A major reason for gradually moving toward a precision medicine approach is the inability of existing clinical trials to deal with the huge amount of variation across cancers, their microenvironments, and individual patients.

“Clinical trials that identify effectiveness of treatments are applicable to patients who share those exact characteristics of the cohort who were studied in the clinical trial, but real-world patients differ in many different ways. Therefore, the treatments don’t work equally well in patients,” said Dr Rubin. “It would be too expensive to do [a] clinical trial including all possible combinations of features of patients.”

That’s where radiomics and pathomics come in. “It’s not as powerful evidence as a controlled clinical trial, but it’s better than the current situation, where there’s no evidence” for certain small subpopulations, noted Dr Rubin — so individual physicians must rely on heterogenous clinical trial findings and their own clinical judgment.

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That doesn’t mean PD-L1 expression, TMB, and other biomarkers in current clinical use become obsolete. Rather, they become part of the overall input that goes into creating a noninvasive digital biopsy.

“The applications of these systems could vary according to our needs,” Dr Banna said. “If we need, for instance, to develop a system that is able to predict the likelihood of the presence of PD-L1 expression, or EGFR/ALK/ROS1 alterations, or high TMB, to optimize tumor sample processing, we could train the neural networks to do it. If instead we want to get an individual predictive signature, we could also put together information from different sources, such as radiological, pathological, and lab information, to create a specific profile to be validated.”

Sometimes all 3 data types — genomics, radiomics, and pathomics — might contribute to a digital biopsy, while other times, only 1 or 2 values may be needed, Rivka Colen, MD, assistant professor of cancer systems imaging at The University of Texas MD Anderson Cancer Center in Houston, told Cancer Therapy Advisor. She offered the example of a clinical trial for a specific mutation where not all patients respond.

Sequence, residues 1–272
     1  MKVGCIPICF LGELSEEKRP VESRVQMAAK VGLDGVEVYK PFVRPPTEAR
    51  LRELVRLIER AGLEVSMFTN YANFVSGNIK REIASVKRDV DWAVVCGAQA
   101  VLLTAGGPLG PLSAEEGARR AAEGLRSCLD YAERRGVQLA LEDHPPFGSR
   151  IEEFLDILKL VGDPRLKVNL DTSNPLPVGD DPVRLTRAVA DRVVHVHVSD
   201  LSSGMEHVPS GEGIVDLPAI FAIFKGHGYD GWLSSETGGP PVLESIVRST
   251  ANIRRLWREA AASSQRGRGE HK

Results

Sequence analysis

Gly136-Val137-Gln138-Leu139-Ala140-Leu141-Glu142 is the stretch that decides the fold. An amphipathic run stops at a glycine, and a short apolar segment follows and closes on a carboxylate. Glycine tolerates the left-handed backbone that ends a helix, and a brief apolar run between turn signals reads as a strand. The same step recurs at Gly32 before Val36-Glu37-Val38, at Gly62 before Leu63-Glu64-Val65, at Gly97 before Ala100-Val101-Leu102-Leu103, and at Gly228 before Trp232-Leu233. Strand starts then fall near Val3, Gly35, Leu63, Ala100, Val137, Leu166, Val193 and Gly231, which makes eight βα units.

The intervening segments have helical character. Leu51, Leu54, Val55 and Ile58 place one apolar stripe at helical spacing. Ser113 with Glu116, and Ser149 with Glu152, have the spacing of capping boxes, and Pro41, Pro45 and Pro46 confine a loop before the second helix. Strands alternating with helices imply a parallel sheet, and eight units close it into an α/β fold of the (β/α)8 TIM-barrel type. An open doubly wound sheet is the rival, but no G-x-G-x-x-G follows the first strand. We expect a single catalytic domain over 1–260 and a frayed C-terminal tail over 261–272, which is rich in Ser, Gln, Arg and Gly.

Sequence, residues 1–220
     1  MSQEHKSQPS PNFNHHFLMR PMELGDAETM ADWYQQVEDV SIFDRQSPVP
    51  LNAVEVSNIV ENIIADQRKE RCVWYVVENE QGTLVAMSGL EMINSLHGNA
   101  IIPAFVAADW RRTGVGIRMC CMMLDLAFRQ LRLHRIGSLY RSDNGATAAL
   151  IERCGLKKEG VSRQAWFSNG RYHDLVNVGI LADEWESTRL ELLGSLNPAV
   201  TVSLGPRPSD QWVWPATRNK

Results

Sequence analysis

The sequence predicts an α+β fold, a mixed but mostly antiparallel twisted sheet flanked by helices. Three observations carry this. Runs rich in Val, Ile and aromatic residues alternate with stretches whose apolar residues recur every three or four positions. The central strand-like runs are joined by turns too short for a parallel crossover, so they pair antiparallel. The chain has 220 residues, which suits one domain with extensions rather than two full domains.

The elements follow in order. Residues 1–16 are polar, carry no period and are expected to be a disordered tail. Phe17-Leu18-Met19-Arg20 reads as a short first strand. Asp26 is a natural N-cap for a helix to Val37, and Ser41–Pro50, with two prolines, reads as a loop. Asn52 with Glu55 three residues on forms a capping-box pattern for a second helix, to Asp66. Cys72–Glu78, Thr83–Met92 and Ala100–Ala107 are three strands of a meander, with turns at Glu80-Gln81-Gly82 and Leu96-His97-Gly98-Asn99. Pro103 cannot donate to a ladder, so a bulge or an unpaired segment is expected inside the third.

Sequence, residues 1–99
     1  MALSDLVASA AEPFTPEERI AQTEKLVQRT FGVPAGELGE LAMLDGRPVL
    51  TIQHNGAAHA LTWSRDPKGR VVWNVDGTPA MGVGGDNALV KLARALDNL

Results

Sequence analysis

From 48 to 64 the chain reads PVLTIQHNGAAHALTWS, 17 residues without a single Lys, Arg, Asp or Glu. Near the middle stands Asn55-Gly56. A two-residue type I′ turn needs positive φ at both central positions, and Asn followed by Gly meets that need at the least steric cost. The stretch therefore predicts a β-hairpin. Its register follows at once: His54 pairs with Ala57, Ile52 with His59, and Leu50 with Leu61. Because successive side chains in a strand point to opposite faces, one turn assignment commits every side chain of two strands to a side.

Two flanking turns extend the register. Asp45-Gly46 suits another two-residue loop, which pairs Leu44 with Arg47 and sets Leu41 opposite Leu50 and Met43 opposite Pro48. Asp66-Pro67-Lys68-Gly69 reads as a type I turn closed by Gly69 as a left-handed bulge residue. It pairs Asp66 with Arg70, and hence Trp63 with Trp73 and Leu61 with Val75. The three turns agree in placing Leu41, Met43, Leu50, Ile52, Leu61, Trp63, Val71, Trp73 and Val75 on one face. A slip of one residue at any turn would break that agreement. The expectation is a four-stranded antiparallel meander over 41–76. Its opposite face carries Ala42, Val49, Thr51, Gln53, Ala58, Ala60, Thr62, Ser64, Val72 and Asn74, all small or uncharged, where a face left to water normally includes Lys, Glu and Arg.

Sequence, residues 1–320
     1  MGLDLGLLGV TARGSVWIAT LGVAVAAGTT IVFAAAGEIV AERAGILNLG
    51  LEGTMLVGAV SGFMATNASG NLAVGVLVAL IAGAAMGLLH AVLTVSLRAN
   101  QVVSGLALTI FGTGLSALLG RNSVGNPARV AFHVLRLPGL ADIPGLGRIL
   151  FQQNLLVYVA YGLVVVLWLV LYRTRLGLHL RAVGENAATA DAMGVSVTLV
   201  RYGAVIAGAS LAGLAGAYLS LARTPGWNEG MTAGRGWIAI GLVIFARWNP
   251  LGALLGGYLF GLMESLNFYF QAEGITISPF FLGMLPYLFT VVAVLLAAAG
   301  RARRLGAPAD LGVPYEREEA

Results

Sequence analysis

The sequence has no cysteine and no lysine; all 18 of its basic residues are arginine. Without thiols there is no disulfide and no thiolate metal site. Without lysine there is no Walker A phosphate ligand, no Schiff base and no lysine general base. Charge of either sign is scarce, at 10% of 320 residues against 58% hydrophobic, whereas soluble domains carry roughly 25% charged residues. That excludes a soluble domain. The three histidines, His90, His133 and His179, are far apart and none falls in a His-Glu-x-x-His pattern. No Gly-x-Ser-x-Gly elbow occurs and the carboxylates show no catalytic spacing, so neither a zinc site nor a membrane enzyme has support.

“It is then that, for example, radiomics might be the next -omic information needed to stratify those patients — with that mutation and with a specific radiomic signature that predicts response — into clinical trials,” Dr Colen said. Subsequently, “patients [who are] likely [to] benefit from that specific therapy receive the treatment, and those unlikely to respond are offered an alternative therapy, to which they are more likely to respond.”

Dr Colen’s research has also revealed how radiomics may introduce opportunities for co-occurring preclinical research (on specific therapies or disease states) to be conducted.

“We found that humans, when matched with animal signatures with similar genomic profiles, demonstrated similar radiomic signatures; those with distinct genomic profiles had distinct radiomic signatures,” Dr Colen said. “This demonstrates that both animals and humans in cross-species can be followed in a similar fashion and used in co-clinical trials.”

Going Beyond Genomics

While genomics has dominated most discussions of precision medicine in cancer, there are aspects of malignancies that genomics alone cannot address.

“One of the examples I give my students is there is no gene that says you worked in the shipyard and inhaled asbestos fibers for 10 or 20 years and have mesothelioma,” Dr Prior said. “You can see that history in an image, but there’s no gene that’s going to tell you that.”

Then there’s the high level of overall variability in cancer that Dr Prior believes has yet to be fully appreciated.

“I keep coming back to this idea that certain tumors have their own microbial community, their own microbiome, which impacts how they relate to the stroma around them, their own [tissue] and the normal tissue microenvironment, and the relationship with the immune system,” he said. “Certain cancer types have this interesting relationship with their microenvironment and with the immune system such that they learn how to trick the immune system, and in response to the therapy, they learn even more. So the cancer keeps adapting to its environment and can reprogram the immune system.”

With so many factors influencing how a particular cancer behaves, the need for more than genomic information becomes clear. “The real value of radiomics is to help us understand and identify multiparametric phenotypes that have higher predictive value,” Dr Prior said.

Dr Banna and his colleagues reviewed some early examples of this research, such as a group who retrospectively used several cohorts — for a total of 491 patients — to develop a radiomic signature for tumor-infiltrating CD8 cells.4 Another study, in which Dr Rubin was senior author, used a larger data set of 2186 histopathological images from patients with non-small cell lung cancer to create a survival prediction model, which was then validated with 294 more images.5 Though Dr Banna’s team cited other examples as well, none of the studies used more than a couple thousand images — far fewer than what will be needed before clinical application is even a possibility.